At the same time, I will echo what others have asserted: If you don’t know what you’re doing, the code could be doing anything and returning what you want to see some of the time. Please understand the results or it’s just as bad as writing code that never returns the results you want.

    • retchdog says:

      the problem is that this machine doesn’t optimize for anything, while being very restricted in what it can do. on the plus side, it is so restricted that it’s almost impossible to be surprised by its output! :)

      if you want to understand and extrapolate someone else’s regex, there are, i think, much nicer tools for that which use color-coding to tag which pieces of the string are captured by which parts of the regex. google “regex explorer” for many examples.

  15. Anonymous says:

    Really? You guys know how the compiler works, the internals of the cp command, etc? No, you don’t. But you use them. Same thing with this. I don’t really care HOW it works, but IF it works.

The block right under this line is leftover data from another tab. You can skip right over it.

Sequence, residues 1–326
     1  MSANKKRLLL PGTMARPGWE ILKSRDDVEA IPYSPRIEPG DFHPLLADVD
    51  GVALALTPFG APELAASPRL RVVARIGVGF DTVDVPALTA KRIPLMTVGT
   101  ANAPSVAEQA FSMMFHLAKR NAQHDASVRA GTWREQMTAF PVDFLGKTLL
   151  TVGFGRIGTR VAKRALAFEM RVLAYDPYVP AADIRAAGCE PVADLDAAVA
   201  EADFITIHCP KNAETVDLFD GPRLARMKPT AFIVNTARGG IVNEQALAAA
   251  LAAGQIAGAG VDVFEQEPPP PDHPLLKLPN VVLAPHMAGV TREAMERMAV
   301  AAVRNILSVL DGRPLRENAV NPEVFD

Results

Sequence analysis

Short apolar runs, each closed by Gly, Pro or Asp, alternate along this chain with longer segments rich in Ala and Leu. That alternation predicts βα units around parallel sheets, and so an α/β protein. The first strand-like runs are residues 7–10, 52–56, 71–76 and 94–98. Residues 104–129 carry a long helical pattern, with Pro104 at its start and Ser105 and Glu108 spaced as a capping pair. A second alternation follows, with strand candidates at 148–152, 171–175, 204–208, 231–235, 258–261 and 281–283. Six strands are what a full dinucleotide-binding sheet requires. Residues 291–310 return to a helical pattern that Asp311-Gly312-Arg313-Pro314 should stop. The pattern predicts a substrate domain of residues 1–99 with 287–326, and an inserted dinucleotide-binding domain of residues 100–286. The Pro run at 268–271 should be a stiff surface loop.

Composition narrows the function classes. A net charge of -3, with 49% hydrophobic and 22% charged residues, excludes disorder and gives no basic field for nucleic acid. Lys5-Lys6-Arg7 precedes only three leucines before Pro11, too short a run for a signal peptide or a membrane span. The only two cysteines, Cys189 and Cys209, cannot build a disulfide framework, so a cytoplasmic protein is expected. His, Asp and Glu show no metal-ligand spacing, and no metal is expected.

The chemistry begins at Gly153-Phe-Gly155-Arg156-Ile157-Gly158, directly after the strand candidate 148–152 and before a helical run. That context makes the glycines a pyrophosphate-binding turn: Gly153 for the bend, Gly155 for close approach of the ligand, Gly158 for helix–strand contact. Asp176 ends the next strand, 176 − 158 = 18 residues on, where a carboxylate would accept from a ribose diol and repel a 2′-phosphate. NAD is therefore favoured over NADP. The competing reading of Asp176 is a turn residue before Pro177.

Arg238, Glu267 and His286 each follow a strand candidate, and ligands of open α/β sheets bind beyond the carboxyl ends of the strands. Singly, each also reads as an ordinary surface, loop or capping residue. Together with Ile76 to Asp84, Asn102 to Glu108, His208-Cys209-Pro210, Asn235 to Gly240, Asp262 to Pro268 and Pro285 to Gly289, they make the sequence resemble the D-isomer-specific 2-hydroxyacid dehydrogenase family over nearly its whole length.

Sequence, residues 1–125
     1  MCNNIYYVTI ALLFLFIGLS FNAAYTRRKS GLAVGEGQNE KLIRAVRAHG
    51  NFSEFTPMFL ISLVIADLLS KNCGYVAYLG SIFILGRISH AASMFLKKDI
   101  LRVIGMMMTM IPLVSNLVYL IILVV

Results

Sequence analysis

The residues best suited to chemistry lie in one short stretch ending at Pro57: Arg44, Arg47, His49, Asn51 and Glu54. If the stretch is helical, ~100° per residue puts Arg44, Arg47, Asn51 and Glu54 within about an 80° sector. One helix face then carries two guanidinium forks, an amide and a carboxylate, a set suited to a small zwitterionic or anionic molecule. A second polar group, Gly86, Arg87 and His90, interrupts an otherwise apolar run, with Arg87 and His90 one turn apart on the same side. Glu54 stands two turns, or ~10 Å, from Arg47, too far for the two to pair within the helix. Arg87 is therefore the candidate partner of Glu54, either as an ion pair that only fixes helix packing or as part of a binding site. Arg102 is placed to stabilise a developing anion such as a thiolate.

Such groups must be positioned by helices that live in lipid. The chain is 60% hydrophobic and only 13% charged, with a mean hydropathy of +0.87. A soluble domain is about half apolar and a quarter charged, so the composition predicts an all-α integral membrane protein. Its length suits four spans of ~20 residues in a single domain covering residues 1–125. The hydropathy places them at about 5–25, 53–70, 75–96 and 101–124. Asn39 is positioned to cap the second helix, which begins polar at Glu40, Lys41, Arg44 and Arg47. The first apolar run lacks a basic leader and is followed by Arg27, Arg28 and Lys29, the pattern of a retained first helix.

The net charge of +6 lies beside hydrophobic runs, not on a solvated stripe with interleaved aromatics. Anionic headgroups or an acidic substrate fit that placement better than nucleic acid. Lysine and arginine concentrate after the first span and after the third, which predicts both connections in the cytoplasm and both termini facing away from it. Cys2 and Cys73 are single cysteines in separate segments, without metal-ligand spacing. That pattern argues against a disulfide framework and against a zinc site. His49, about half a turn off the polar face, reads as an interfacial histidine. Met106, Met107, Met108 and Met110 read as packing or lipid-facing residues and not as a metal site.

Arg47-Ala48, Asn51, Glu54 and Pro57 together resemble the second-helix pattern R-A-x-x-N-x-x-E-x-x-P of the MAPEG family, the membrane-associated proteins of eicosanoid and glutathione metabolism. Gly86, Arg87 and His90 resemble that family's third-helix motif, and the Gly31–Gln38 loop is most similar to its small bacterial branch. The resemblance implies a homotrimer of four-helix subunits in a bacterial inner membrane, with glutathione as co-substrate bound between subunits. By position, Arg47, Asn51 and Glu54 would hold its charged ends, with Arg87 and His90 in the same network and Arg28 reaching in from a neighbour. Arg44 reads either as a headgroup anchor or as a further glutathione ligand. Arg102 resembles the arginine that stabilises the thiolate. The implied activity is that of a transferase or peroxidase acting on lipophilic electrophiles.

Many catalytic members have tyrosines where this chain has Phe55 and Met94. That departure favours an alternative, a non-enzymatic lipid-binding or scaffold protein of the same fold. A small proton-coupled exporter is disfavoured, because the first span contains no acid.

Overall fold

16. Anonymous says:

    Bah!

    as an unemployed tech (willing stay-at-home-dad) this saddens me.

    I used to be known as “tool” at my former software job I sat around all day creating scripted tools for engineers and artists to facilitate workflow. The essence of my job was writing Perl scripts parsing files. I was a RegEx monkey.. and I loved it and hope to return to being a similar monkey or SQL squirrel (debugging databases).

    This tool is taking my job! (or making it easier?!?) ;)

  17. nosehat says: